Kevin, who made all A's in his last grading period, generally wins his races by big margins. "There's just no one who can stay with me after a quarter," he says. Indeed, his greatest competition may come from his own family. His 9-year-old brother Todd ran a 71.8 quarter last spring to erase Kevin's 8-year-old record and more recently turned in a 66.8 and a 2:29.6 to break Kevin's quarter-and half-mile marks for 9-year-olds. Then there is 3-year-old Blair, who not long ago slipped away from home, jogged two blocks to the high school track and ran a half-mile before being missed. More usually, Blair races back and forth from the living room to the bedroom. When the Feb. 9 earthquake shook the Knox house, the chimes went off in the living room, awakening Mrs. Knox, who thought Blair had crashed into them during an early-morning workout.
Will Kevin Knox be burned out at 18? There are no answers. Age-group track, which has more than 100,000 active participants and a monthly magazine Starting Line, only got under way six years ago as a girls' sport (the boys "liberated" it in 1967) and few studies have been done. Dr. Timothy Craig, chairman of the AMA's National Conference on the Medical Aspects of Sports, thinks Kevin will hold up. In fact, Dr. Craig contends that because Kevin took up track at such a tender age, he "might actually live longer." Dr. James E. Counsilman, swimming coach at Indiana University, who has worked with age-group swimmers, concurs, "if it's a low-pressure program and if there's not too much psychological stress. Physically, he should be much better because of experience, be more fit and have a better cardiovascular system."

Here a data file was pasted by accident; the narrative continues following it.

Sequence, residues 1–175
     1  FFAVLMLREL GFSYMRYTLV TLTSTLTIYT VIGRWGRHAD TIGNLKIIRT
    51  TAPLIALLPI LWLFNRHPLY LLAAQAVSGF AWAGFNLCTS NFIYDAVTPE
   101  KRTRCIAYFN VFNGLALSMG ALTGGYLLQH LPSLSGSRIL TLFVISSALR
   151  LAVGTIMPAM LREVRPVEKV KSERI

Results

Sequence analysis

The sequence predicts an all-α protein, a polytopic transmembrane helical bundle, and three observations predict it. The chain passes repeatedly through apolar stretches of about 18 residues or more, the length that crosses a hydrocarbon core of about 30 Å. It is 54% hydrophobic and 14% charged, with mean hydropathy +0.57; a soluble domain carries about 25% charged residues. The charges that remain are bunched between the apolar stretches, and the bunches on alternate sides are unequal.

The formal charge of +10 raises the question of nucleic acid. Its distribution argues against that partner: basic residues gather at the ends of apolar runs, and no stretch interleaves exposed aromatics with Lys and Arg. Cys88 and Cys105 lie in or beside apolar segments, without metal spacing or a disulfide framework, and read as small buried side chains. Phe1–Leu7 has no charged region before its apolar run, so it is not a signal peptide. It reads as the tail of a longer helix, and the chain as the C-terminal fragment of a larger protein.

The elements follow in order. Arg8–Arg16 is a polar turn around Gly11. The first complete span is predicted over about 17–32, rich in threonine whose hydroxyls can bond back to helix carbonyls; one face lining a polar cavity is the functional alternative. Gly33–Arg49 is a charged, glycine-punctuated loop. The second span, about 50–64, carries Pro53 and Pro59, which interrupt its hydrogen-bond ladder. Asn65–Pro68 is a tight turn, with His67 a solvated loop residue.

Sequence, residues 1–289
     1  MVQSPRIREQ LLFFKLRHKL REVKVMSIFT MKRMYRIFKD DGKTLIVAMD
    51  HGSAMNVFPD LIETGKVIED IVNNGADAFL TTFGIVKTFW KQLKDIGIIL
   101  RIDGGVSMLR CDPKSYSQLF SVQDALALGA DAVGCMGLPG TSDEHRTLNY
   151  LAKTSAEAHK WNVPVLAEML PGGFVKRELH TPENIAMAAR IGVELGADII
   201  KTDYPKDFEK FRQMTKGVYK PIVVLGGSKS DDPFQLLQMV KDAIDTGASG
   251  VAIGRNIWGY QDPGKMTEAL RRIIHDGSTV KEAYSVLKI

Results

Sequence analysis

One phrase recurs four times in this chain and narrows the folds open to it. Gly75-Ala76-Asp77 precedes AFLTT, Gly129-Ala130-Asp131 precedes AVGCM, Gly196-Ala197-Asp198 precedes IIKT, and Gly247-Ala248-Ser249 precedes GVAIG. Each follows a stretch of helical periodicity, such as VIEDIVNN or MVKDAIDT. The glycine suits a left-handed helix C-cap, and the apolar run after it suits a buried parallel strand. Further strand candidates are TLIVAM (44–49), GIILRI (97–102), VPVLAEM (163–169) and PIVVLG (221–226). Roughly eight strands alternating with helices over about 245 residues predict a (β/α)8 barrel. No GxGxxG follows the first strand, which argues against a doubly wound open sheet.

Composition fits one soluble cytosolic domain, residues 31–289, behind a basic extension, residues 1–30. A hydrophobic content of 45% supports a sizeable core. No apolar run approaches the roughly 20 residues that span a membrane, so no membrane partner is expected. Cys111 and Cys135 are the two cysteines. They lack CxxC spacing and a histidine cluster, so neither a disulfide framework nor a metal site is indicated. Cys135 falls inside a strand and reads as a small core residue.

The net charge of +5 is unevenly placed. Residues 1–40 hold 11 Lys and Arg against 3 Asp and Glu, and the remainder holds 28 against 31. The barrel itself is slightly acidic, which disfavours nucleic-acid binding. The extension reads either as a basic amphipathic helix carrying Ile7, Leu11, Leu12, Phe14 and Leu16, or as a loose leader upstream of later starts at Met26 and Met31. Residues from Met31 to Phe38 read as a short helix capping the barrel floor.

Dale Knox, who still holds the local high school 440 record (50.6) he set in 1952, leaves such matters to others. He's too busy working with the Wildkats. "Kim, you're doing fine," he shouted from trackside during a mass time trial he held the other day. "You're going to run your alltime best.... Atta girl, Pat.... Way to go, Mike.... A little faster, Sammy." After Kevin had gone a mile and a half, he yelled "8:15" to him, and to Todd "9:20. Keep it up and it'll be 18:40." Dale Knox turned excitedly, "Say, Kevin can do a 17"; then shouted to his son, "You're on a 17 pace, Kev! Now work that backstretch! Let's see what you're made of, tiger."
Kevin ran three miles in 16:38, almost three minutes faster than the listed record for 11-year-olds. His father leaped in the air. "Hot dog!" he shouted. "That surprised me."